Elisha Henig

It’s another open and shut case for Detective Harry Ambrose, after successfully unravelling the convoluted psychology behind a disturbed woman’s frenzied knife attack at the beach in series one of The Sinner (series two available from Friday). This time the perp is an angelic-looking 13-year-old boy, Julian Walker, who has apparently committed double parricide in a motel after an unscheduled stop on a trip to Niagara Falls. From the get-go there’s something strange about the grown-ups’ behaviour and their interaction with the lad. Soon they’re writhing first in sexual congress then in their death throes. They’ve both been poisoned via their cups of morning tea, helpfully brought by Julian, and what’s more the boy readily confesses to the crime.

On the face of it, there’s not much for the cops to tie up, but the town’s newest detective, Heather Novack (Natalie Paul) is concerned enough by the boy’s demeanour, and his ritualistic display of the bodies, to call in her dad’s old pal Harry (Bill Pullman) as a second pair of eyes. An ethical question arises; why spend valuable police time probing further when “we already have everything we need,” as Novack admits. The arrival of a woman who claims to be Julian’s mother challenges their assumptions.

The sleepy little town of Keller, New York, just happens to be where Harry grew up; his own childhood trauma, at roughly the same age, is regularly signalled in flashbacks of a catatonic woman and burning curtains. Just in case we miss the inference, the juxtaposition of young Harry and young Julian underlines his identification with and compassion towards the boy. The character notes for Harry seem to be no more explicit than “bearded, dependable” and Pullman deploys two basic expressions — narrow-eyed, quizzical; and narrow-eyed, mildly consternated. For young Elisha Henig’s acting chops, no praise is high enough. Creasing the strangely adult heavy brows in his childish face, he projects Julian’s abject terror, confusion and obstinacy with emotional intelligence.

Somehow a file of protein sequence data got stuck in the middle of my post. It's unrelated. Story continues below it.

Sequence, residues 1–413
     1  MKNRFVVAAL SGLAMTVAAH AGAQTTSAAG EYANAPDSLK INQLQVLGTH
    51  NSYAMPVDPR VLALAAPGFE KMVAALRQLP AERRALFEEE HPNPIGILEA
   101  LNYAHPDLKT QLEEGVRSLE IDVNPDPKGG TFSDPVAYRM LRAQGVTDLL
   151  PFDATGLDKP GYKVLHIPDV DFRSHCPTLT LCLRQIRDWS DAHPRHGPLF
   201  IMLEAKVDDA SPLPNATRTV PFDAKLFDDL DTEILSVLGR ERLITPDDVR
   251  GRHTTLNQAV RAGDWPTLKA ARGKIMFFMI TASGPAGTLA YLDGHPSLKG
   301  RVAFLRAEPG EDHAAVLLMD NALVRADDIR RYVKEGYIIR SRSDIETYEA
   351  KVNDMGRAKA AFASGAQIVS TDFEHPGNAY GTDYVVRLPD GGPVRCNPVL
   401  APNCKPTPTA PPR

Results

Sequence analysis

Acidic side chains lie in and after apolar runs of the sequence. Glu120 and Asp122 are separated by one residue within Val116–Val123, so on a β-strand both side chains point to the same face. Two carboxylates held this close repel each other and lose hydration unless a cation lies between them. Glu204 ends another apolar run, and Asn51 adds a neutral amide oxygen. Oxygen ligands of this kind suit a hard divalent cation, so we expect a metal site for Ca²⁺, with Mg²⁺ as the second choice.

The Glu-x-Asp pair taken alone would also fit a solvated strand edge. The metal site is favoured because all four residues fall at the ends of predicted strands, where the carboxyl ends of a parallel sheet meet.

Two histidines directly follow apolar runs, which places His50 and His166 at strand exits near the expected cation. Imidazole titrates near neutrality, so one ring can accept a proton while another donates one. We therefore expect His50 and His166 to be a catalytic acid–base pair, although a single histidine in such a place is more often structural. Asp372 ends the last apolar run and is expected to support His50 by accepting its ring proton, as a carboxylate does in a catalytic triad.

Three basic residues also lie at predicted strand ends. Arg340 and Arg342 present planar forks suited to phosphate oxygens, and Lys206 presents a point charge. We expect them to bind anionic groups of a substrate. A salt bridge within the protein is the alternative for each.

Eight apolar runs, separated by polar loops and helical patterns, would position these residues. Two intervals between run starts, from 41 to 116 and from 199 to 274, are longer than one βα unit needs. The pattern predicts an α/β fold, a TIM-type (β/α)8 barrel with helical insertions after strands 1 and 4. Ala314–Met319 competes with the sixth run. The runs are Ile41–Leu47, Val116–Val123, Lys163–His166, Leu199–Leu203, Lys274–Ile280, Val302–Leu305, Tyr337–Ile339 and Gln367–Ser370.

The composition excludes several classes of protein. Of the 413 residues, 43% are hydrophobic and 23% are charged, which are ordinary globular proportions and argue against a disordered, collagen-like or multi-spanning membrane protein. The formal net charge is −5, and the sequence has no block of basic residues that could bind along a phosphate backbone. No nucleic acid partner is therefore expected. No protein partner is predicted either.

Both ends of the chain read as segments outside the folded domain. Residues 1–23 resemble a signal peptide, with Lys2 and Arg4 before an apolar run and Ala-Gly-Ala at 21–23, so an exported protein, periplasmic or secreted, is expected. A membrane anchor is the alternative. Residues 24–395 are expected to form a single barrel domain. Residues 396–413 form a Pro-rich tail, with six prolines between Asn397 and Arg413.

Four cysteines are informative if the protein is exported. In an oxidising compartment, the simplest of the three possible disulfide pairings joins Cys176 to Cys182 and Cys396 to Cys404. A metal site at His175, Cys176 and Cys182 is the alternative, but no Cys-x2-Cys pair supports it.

Pulling Julian’s strings is Vera Walker, the putative mother (there’s no point taking anything at face value), outwardly bland and ordinary but imbued by Carrie Coon with searing inner conviction. Further investigation drives Harry and Novack to Mosswood, Vera’s cult-like organisation in the woods. She’s been rearing Julian as a kind of Nietzschean uber-boy, beyond good and evil, in a programme she calls The Work, seemingly comprising three parts Gurdjieff and two parts Jung, with a dash of Bikram.

A local recommends “heavy metal and tear gas — it worked at Waco.” Tapping into this deep vein of American self-reliance and suspicion of state action, Vera maintains: “‘To protect and serve’ doesn’t apply to Mosswood.” The small town whose secrets are blown into the air by a gruesome crime is a familiar enough narrative, but mysterious doings in the woodshed, underlined by a tinnitus score, are enough to give this a sinister edge.


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